By Stephen Wissink
I’ll give her this much credit. Over the years, Norma McCorvey has become quite polished in her role as the repentant sinner who was saved by Jesus, looks back in horror at her past, and only wants to save the world from committing genocide against millions of unborn children.
In this recent performance, she even sticks to the facts every once in a while.
Decades ago, Norma was known only as “Jane Roe,” the woman whose desire to terminate her third pregnancy caused Supreme Court to make abortion a constitutional right for women.
With the 40th anniversary of Roe v. Wade upon us, I decided to check in on Norma’s latest attempts at fame and fortune.
On YouTube, I found an exhausting three-part series titled “Reversing Roe – The Norma McCorvey Story,” where she tells the tale of being manipulated by two ambitious lawyers who fed her pizza, got her drunk and preyed on her ignorance.
“They started pounding all this talk, ‘Don’t you think a woman should have the right to control their own body,’” she tells the camera. “Yes I said. They never said anything about ‘It’s really a baby, Norma. You’re going to be killing your own baby.’
“I didn’t have a clue. I was ignorant. I mean I was dumb. It went right over my head.”
Perhaps the scene was meant to create sympathy for Norma, a suicidal 9th grade dropout who was abused by her parents, worked part time at the circus, and spent many of her days either drunk or stoned on pot, LSD and mescaline.
But finding any feelings of compassion for Norma was tough to do, given that just a few scenes earlier, Norma said her hope was the case would be decided soon so she could terminate the pregnancy. “I didn’t want it in my body. I wanted to kill it. I wanted an abortion.”
That, plus her history of blatantly lying, has left me a little jaded. For example, Norma initially insisted she got pregnant as a result of a rape. Then the story became that she was gang raped.
When she finally admitted the truth, that she got pregnant during a casual fling, she claimed she was forced to lie by her attorneys so the courts would accept her case. That too, was a lie. Rape was never mentioned in any of the court pleadings nor was it a requirement of the courts.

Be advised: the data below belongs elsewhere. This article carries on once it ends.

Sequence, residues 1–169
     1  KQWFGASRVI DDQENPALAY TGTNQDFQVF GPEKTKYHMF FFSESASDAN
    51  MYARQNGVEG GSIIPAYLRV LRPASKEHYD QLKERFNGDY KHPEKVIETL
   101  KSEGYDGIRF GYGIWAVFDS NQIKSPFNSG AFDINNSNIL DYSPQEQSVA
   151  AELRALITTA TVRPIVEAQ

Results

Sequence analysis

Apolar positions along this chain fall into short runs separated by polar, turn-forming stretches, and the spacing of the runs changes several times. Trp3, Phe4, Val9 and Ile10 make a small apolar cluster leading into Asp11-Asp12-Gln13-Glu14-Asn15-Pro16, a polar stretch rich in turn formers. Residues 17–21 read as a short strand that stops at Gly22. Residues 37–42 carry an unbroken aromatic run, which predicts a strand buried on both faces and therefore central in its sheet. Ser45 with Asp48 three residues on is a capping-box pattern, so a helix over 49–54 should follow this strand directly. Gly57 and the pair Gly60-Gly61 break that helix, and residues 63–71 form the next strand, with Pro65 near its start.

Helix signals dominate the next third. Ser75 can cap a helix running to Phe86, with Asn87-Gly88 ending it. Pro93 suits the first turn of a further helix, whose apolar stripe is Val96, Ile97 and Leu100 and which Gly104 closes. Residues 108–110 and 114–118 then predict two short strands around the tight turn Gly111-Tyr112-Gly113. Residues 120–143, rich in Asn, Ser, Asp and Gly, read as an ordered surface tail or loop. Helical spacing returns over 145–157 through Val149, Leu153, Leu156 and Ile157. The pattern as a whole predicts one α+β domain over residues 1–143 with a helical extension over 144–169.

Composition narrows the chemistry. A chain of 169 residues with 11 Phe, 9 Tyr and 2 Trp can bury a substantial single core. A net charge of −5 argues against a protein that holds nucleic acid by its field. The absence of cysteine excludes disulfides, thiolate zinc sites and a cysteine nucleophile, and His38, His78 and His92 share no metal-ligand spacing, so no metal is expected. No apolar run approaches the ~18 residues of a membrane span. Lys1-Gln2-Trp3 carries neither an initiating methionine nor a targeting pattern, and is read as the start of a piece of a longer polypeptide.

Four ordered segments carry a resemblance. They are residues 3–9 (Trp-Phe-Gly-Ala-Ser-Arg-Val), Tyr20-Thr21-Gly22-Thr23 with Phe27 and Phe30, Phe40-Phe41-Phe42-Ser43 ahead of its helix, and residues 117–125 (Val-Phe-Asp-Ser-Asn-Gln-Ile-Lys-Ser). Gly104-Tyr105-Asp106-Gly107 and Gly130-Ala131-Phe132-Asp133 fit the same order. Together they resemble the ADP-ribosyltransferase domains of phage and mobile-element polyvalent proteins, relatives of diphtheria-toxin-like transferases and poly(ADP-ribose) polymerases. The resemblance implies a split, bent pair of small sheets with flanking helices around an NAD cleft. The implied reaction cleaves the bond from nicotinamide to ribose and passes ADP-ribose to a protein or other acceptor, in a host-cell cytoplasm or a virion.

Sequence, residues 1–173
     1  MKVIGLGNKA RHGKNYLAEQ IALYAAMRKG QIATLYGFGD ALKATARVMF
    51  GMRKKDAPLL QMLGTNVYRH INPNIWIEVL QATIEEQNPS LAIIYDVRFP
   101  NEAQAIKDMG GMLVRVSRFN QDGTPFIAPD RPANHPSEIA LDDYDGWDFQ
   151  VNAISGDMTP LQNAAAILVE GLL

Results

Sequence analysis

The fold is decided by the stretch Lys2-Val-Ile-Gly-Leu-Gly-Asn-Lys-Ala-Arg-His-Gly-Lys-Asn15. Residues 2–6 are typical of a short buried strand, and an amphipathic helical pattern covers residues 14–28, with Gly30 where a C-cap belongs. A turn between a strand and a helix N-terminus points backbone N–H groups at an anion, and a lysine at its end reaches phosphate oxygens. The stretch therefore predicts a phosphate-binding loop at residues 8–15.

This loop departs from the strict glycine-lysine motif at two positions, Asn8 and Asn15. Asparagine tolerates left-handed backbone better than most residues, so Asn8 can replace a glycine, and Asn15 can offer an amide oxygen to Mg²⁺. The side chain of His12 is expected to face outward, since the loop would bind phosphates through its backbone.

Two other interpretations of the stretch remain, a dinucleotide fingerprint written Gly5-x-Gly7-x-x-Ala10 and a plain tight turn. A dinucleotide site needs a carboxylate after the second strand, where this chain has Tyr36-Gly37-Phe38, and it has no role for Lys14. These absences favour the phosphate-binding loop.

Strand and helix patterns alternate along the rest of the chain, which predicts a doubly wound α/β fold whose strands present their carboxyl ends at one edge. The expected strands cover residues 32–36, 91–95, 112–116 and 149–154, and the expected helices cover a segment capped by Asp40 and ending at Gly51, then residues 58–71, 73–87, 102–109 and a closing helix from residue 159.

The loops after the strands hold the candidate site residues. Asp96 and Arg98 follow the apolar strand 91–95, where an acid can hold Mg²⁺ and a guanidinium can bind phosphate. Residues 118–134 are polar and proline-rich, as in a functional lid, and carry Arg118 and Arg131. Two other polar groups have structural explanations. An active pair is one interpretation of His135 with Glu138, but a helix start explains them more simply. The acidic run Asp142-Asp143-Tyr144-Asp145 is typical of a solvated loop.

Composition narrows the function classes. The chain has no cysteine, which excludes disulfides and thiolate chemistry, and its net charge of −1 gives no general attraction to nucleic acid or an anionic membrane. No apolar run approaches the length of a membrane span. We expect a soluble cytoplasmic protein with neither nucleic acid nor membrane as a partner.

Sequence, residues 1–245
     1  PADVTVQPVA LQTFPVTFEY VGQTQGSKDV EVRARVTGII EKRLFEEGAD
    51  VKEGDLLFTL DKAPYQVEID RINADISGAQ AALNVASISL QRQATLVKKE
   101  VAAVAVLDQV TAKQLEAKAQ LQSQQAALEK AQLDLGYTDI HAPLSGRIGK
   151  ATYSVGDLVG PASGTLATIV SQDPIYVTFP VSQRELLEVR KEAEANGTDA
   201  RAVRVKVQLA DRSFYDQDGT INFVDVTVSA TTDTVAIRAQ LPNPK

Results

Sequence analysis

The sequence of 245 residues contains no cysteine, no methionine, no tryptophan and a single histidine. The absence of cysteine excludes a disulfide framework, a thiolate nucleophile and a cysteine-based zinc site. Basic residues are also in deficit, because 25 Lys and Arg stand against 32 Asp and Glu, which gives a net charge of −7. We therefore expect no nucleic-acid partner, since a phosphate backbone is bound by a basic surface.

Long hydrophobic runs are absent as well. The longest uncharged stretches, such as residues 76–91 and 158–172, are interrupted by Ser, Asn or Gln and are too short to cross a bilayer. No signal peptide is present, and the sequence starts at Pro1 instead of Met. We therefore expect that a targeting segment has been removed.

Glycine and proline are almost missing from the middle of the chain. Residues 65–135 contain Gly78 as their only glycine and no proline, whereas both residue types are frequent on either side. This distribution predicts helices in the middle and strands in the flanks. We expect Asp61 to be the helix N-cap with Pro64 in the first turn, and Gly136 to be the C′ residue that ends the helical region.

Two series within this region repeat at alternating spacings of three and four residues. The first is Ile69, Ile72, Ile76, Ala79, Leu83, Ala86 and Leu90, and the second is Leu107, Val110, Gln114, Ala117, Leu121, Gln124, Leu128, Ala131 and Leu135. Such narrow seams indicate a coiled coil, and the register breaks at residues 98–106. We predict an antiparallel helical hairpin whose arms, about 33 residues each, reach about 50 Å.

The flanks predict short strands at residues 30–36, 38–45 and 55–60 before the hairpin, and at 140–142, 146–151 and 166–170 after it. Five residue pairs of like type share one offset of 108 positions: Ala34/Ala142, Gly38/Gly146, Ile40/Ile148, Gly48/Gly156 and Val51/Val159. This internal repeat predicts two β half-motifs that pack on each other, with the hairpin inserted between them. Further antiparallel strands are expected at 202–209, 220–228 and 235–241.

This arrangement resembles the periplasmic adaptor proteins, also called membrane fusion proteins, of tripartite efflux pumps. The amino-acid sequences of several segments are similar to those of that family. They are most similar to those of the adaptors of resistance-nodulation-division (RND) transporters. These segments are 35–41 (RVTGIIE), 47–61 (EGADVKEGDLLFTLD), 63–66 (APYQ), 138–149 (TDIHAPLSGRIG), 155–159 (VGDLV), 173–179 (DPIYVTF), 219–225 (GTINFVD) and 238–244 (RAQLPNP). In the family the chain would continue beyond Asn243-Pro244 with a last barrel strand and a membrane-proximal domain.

With Norma, it’s always “just drama,” one of her longtime friends and neighbor, Suzanne Ashworth, told the magazine Vanity Fair for an article in this month’s issue. “A story would be told one way, and three days later, it would be different.”
Like many, I was surprised back in 1995 when Norma joined the anti-choice crusaders. Until then, she was pro-choice. She even wrote a book and worked at an abortion clinic. But the leadership of the pro-choice movement was embarrassed by her rough edges, her flaring temper and her poor speaking habits. They even banned her from appearing at a national rally celebrating the anniversary of the Roe decision and that left Norma feeling like an outsider.
Then, Operation Rescue moved into the building next to the abortion clinic where Norma worked. She shared smoke breaks with its charismatic leader, Flip Benham, gave church a try and decided that abortion was tantamount to murder.
The religious right loved her. As one evangelical put it, the poster child for abortion had jumped off the poster. She wrote another book (she got a nice advance for this one), started a church, (with a nice salary) and was asked to speak before anti-choice groups across the country (for a fee).